boymimbo
boymimbo
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August 6th, 2017 at 1:23:48 PM permalink
The logical move from the computer would be to move directly move away from you and then report its position such that it maximizes the deviation of your path, which to me, seems to be at the top or bottom of a sphere (as any other would cause you to deviate less), alternating each time.

If your strategy is to point yourself at the computer's known position then you would be deviating up and down each time getting further and further behind.
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BobDancer
BobDancer
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August 6th, 2017 at 1:49:06 PM permalink
Doesn't being on an infinite plane preclude spheres?
charliepatrick
charliepatrick
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August 6th, 2017 at 2:02:39 PM permalink
Say you move the grid system so you are at (0,0) and the computer at (say) (50,0). The computer moves to (51,0) then it could report (roughly) (51,1) or (51,-1). However if it reported (50,1) last time and now flips to (51,-1) then you would know where the computer is.

Now this is why I asked whether you assumed game theory - because if you know the computer is always going to be consistent, then you could calculate more accurately where it is. For instance your worst case scenario is going to (-1,0) while it has gone to (1,0). On the 2nd move it goes to (2,0) and reports (2,1). Your correct strategy is actually to head back to (0,0) - you then know you're not more than 2 away. Thus the computer shouldn't report (2,1) but something else!
boymimbo
boymimbo
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August 6th, 2017 at 6:19:09 PM permalink
Quote: BobDancer

Doesn't being on an infinite plane preclude spheres?



Circles. Damnit, I meant circles, or two dimensional spheres!
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boymimbo
boymimbo
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August 6th, 2017 at 6:21:10 PM permalink
Quote: charliepatrick

Say you move the grid system so you are at (0,0) and the computer at (say) (50,0). The computer moves to (51,0) then it could report (roughly) (51,1) or (51,-1). However if it reported (50,1) last time and now flips to (51,-1) then you would know where the computer is.

Now this is why I asked whether you assumed game theory - because if you know the computer is always going to be consistent, then you could calculate more accurately where it is. For instance your worst case scenario is going to (-1,0) while it has gone to (1,0). On the 2nd move it goes to (2,0) and reports (2,1). Your correct strategy is actually to head back to (0,0) - you then know you're not more than 2 away. Thus the computer shouldn't report (2,1) but something else!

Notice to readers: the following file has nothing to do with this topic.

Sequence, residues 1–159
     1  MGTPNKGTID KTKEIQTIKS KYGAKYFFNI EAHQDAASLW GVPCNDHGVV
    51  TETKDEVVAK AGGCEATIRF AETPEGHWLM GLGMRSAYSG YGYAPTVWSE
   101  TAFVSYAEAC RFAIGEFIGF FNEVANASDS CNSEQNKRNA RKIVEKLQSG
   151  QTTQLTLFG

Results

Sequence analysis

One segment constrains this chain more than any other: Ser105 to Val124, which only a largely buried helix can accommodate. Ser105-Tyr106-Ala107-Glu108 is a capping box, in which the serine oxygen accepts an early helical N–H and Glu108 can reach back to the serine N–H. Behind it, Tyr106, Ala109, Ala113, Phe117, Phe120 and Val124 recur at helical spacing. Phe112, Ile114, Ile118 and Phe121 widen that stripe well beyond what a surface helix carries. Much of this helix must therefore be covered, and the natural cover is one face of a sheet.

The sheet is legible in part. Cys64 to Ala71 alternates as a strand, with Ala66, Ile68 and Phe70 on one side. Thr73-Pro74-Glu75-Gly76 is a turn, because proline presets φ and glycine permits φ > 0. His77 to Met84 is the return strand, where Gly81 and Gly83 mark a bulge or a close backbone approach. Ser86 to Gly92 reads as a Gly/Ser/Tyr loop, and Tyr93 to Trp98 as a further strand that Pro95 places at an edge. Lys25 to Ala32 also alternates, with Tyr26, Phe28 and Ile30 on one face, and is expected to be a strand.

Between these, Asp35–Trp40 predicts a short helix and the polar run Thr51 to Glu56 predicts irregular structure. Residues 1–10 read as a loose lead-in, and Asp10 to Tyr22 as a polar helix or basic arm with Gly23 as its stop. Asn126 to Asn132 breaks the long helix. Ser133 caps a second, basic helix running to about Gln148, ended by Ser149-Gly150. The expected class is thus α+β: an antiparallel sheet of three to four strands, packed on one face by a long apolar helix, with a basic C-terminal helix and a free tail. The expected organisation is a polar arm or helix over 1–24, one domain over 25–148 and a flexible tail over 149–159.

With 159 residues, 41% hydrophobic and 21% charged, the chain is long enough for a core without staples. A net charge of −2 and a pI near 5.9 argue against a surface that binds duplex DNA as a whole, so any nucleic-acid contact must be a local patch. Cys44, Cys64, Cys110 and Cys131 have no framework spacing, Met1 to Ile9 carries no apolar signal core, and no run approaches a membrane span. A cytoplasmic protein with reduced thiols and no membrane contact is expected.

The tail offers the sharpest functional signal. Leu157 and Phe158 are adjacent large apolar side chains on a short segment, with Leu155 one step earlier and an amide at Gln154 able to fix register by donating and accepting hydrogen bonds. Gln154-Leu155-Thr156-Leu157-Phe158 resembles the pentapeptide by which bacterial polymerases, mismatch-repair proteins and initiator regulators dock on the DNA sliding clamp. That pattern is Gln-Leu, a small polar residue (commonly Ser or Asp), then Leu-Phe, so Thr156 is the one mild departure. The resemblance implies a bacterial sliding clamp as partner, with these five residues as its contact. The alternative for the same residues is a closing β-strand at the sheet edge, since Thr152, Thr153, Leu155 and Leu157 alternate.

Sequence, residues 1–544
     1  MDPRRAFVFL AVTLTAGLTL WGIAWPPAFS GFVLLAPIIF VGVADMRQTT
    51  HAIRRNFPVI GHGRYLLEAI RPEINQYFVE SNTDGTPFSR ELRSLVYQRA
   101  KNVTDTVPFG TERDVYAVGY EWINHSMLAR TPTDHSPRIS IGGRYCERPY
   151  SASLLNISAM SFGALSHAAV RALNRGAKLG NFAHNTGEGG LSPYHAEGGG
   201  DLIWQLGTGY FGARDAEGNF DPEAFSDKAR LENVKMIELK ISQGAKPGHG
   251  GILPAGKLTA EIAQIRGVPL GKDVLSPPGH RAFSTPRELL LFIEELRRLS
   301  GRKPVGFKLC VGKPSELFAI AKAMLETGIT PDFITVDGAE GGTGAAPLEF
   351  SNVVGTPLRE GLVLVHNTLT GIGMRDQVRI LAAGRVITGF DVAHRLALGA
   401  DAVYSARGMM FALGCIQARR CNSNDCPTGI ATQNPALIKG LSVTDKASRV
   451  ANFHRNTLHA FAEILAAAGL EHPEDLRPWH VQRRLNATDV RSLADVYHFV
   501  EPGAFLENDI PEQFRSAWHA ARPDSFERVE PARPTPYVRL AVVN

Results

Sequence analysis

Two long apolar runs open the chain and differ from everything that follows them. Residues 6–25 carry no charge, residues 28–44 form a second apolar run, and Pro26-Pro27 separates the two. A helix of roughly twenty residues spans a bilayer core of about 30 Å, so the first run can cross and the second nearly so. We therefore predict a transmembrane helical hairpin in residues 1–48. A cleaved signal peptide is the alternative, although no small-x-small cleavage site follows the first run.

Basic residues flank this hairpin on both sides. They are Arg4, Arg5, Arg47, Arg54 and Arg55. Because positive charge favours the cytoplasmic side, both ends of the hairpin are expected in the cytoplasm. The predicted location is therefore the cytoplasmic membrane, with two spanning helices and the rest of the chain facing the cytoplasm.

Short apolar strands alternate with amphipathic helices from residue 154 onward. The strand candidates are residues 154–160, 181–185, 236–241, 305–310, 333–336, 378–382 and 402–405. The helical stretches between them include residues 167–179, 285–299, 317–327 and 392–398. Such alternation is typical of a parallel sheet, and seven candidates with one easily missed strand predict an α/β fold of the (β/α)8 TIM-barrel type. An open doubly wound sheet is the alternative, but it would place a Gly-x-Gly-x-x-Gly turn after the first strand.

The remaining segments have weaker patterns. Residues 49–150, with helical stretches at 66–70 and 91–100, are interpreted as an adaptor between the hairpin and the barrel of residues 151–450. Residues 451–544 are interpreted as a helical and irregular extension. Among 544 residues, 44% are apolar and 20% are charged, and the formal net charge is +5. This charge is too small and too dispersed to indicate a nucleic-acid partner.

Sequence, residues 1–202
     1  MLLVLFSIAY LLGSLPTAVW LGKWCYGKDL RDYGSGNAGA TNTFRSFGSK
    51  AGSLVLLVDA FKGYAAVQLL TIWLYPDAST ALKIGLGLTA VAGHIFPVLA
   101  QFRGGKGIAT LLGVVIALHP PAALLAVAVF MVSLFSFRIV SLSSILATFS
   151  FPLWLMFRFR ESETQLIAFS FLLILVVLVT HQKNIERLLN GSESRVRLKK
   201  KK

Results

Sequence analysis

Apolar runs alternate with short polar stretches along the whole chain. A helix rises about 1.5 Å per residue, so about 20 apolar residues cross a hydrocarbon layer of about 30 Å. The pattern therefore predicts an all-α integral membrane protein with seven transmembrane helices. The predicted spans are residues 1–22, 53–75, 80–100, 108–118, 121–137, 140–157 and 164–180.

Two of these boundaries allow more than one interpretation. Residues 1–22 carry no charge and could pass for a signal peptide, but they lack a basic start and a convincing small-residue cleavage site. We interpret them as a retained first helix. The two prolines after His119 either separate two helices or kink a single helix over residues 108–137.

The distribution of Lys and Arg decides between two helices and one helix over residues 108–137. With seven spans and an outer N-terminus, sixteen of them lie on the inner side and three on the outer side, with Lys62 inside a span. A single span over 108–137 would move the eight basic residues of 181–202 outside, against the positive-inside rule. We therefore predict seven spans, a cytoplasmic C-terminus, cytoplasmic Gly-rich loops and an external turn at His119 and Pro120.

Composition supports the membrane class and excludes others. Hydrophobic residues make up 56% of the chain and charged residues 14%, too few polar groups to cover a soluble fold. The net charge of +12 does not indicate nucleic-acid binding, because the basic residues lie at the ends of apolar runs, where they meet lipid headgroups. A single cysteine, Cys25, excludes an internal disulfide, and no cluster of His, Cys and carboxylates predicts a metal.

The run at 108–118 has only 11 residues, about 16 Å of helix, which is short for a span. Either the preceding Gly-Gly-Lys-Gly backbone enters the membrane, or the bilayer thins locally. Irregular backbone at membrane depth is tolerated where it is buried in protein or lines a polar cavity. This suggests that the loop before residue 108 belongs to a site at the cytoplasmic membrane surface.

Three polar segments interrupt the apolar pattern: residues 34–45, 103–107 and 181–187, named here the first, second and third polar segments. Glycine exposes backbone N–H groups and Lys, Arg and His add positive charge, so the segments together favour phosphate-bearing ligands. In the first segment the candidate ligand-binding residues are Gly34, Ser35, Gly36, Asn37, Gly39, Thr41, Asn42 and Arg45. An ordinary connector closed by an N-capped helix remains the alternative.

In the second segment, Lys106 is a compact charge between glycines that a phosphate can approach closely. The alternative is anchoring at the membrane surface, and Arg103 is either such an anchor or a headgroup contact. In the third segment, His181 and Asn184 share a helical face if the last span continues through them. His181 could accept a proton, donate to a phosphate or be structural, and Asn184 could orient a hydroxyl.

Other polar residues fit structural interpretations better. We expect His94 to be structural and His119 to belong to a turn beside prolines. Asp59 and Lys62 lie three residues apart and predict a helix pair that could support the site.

Well it is always going to go one unit away from you. If you start thinking game theory, then the computer should just randomly pick one unit up or down from you. In that way, you couldn't assume an average and would have to go for the direction because you can't predict which one it will choose.
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Wizard
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Wizard
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August 7th, 2017 at 7:29:30 AM permalink
I investigated this idea of just following the computer's last reported position, as it can never be far from his true position...

Let's say the game as been played awhile. Let's define a set of coordinates relative to YOUR position. Let's say the current state is:

You: (0,0)
Computer: (50,0)

The computer tries to both distance himself from you and throw you off to the side by moving to (51,0) and reporting (51,1).

The angle you should pursue the computer is atan(1/51) = 0.019605331 (in radians).

Your move should be to (0.999807822,0.019604075), again in radians.

Given that the computer is actually at (51,0), the distance between you is now 50.00980298.

So, over time, this distance would increase. However, at some point would it reach an equilibrium? Let's see what would happen if the computer were 500 units away and repeated the same strategy. Again, readjust the coordinates so you're at (0,0)

The angle you should pursue the computer is atan(1/501) = 0.001996005 (in radians).

Your move should be to (0.999998008,0.001996004), again in radians.

Given that the computer is actually at (501,0), the distance between you is now 500.000998.

So, the computer is still getting away from you. Remember, the computer knows your position. I don't immediately see how the computer just can't keep adding to his distance minute amounts every time.

Sorry, but but this post adds nothing of value to the discussion.
It's not whether you win or lose; it's whether or not you had a good bet.
charliepatrick
charliepatrick
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August 7th, 2017 at 10:35:57 AM permalink
^ The case you have is similar to mine - so I've run it through a program and the computer continues to get away. (I've used right angled triangles and sqrt.) Essentially the fractions the computer gains each turn don't decrease enough to stay under 100. Assuming you return to (0,0) thus ensuring you are 2 away and the computer moves to (3,0) reporting (3,1) then it subsequently takes 676798 turns to reach a distance of 100.